13. Wu, W. L., et al. The interaction between maternal immune activation and alpha 7 nicotinic acetylcholine receptor in regulating behaviors in the offspring. Brain Behav Immun. (2015).
  14. Garay, P. A., Hsiao, E. Y., Patterson, P. H., McAllister, A. K. Maternal immune activation causes age- and region-specific changes in brain cytokines in offspring throughout development. Brain Behav Immun. 31, 54-68 (2013).
  15. Garbett, K. A., Hsiao, E. Y., Kalman, S., Patterson, P. H., Mirnics, K. Effects of maternal immune activation on gene expression patterns in the fetal brain. Transl Psychiatry. 2, e98 (2012).
  16. Hsiao, E. Y., et al. Microbiota modulate behavioral and physiological abnormalities associated with neurodevelopmental disorders. Cell. 155, (7), 1451-1463 (2013).
  17. Naviaux, R. K., et al. Antipurinergic therapy corrects the autism-like features in the poly(IC) mouse model. PLoS One. 8, (3), e57380 (2013).
  18. Pratt, L., Ni, L., Ponzio, N. M., Jonakait, G. M. Maternal inflammation promotes fetal microglial activation and increased cholinergic expression in the fetal basal forebrain: role of interleukin-6. Pediatr Res. 74, (4), 393-401 (2013).
  19. Schwartzer, J. J., et al. Maternal immune activation and strain specific interactions in the development of autism-like behaviors in mice. Transl Psychiatry. 3, e240 (2013).
  20. Khan, D., et al. Long-term effects of maternal immune activation on depression-like behavior in the mouse. Transl Psychiatry. 4, e363 (2014).
  21. Workman, A. D., Charvet, C. J., Clancy, B., Darlington, R. B., Finlay, B. L. Modeling transformations of neurodevelopmental sequences across mammalian species. J Neurosci. 33, (17), 7368-7383 (2013).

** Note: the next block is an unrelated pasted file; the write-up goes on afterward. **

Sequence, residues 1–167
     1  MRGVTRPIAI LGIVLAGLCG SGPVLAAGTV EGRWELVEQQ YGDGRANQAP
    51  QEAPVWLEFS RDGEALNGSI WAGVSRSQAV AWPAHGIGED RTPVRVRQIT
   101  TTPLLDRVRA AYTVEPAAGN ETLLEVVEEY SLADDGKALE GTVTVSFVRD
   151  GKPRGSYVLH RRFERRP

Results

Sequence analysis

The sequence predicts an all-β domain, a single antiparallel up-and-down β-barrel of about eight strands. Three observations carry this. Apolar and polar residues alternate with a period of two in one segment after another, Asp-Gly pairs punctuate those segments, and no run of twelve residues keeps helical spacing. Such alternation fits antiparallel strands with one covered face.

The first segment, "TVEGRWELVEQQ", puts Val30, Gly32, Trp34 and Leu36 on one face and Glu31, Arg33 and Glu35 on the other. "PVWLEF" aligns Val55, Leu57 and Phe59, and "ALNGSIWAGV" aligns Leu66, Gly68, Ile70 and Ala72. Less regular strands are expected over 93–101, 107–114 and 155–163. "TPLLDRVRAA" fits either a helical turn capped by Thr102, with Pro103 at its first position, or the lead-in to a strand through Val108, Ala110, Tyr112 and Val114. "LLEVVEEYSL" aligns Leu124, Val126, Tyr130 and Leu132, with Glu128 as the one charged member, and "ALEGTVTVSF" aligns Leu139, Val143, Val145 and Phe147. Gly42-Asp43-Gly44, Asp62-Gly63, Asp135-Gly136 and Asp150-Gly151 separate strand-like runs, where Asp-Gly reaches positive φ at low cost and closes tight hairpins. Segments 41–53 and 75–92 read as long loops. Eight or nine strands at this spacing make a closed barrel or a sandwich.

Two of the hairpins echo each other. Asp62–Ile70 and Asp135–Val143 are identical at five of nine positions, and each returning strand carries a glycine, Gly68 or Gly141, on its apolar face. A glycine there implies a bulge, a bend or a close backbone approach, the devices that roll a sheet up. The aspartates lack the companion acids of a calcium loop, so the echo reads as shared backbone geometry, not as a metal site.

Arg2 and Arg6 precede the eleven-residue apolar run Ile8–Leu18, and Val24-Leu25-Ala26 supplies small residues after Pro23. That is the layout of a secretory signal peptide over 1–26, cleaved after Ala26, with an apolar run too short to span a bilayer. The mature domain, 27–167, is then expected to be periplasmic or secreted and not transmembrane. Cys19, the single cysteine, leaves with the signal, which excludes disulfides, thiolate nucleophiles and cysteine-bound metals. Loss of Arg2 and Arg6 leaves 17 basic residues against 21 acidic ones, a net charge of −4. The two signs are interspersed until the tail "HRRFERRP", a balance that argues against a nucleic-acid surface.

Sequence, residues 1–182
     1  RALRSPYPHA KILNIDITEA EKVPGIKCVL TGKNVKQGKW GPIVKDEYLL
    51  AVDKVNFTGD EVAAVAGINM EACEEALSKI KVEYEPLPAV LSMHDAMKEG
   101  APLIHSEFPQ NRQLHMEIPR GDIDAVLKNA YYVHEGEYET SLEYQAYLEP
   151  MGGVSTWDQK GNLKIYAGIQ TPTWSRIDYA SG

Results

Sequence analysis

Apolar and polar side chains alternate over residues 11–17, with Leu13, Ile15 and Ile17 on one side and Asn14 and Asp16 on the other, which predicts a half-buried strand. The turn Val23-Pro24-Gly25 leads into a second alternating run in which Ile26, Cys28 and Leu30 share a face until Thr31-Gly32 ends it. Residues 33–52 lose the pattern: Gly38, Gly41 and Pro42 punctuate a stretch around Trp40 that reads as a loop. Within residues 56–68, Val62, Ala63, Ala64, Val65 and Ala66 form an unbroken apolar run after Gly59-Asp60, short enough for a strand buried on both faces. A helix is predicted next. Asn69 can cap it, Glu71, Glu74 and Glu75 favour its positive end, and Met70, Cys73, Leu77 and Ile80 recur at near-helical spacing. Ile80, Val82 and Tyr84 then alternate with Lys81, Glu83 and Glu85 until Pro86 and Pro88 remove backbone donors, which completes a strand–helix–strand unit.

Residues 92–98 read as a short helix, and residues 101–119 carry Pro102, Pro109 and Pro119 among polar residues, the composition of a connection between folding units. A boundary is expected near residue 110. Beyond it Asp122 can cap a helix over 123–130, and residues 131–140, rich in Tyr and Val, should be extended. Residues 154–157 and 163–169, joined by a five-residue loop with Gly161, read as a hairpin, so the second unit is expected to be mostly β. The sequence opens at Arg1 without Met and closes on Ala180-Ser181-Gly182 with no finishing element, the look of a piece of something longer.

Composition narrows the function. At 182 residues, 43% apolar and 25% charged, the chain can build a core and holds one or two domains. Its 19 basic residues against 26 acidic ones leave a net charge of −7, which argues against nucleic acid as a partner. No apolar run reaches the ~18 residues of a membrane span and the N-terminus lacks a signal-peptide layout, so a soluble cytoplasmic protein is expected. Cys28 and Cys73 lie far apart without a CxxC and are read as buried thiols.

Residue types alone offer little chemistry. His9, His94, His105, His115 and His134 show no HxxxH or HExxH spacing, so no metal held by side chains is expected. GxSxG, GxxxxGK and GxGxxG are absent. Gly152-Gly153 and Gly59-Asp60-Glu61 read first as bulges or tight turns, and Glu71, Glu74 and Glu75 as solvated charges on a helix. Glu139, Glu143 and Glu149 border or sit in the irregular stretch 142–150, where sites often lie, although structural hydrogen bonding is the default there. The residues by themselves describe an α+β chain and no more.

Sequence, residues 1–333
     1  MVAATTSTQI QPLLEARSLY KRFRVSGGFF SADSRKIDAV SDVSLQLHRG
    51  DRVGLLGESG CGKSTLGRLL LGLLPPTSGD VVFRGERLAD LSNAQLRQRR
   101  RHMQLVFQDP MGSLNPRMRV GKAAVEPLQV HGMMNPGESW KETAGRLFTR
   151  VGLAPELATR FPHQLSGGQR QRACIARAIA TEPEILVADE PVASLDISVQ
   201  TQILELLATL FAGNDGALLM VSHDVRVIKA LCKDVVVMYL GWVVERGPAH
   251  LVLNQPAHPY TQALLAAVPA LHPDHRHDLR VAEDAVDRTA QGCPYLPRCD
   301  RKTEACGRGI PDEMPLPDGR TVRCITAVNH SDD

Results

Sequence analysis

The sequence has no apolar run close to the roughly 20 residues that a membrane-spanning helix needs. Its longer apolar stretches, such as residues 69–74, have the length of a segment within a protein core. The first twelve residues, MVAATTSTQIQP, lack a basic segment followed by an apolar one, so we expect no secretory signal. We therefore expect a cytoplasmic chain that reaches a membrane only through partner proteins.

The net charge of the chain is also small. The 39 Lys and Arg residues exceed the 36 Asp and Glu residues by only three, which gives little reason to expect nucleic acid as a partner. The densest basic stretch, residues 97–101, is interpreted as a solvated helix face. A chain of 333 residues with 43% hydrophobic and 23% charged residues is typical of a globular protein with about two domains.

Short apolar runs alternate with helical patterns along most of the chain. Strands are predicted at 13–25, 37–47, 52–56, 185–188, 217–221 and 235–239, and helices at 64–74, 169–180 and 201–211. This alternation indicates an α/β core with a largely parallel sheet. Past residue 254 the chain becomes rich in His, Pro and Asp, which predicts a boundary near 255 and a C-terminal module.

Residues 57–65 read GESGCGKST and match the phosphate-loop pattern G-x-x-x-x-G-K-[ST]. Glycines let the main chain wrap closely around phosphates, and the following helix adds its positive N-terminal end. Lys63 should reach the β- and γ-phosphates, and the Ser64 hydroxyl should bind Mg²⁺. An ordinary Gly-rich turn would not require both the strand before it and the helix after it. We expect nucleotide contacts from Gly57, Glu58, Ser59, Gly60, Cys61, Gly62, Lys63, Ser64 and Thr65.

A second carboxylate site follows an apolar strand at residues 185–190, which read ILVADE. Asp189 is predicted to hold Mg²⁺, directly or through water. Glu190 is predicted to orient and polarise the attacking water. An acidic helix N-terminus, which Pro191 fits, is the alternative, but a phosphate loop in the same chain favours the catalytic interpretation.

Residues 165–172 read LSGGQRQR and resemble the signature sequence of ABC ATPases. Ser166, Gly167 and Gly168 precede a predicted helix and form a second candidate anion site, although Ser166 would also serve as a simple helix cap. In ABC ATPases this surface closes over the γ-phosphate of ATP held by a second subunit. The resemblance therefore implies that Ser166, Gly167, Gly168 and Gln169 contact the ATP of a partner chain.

22. Abazyan, B., et al. Prenatal interaction of mutant DISC1 and immune activation produces adult psychopathology. Biol Psychiatry. 68, (12), 1172-1181 (2010).
  23. Meyer, U., et al. Adult behavioral and pharmacological dysfunctions following disruption of the fetal brain balance between pro-inflammatory and IL-10-mediated anti-inflammatory signaling. Mol Psychiatry. 13, (2), 208-221 (2008).
  24. Vuillermot, S., et al. Prenatal immune activation interacts with genetic Nurr1 deficiency in the development of attentional impairments. J Neurosci. 32, (2), 436-451 (2012).
  25. Bechard, A., Nicholson, A., Mason, G. Litter size predicts adult stereotypic behavior in female laboratory mice. J Am Assoc Lab Anim Sci. 51, (4), 407-411 (2012).
  26. Harvey, L., Boksa, P. A stereological comparison of GAD67 and reelin expression in the hippocampal stratum oriens of offspring from two mouse models of maternal inflammation during pregnancy. Neuropharmacology. 62, (4), 1767-1776 (2012).



    Post a Question / Comment / Request

    You must be signed in to post a comment. Please or create an account.

    Usage Statistics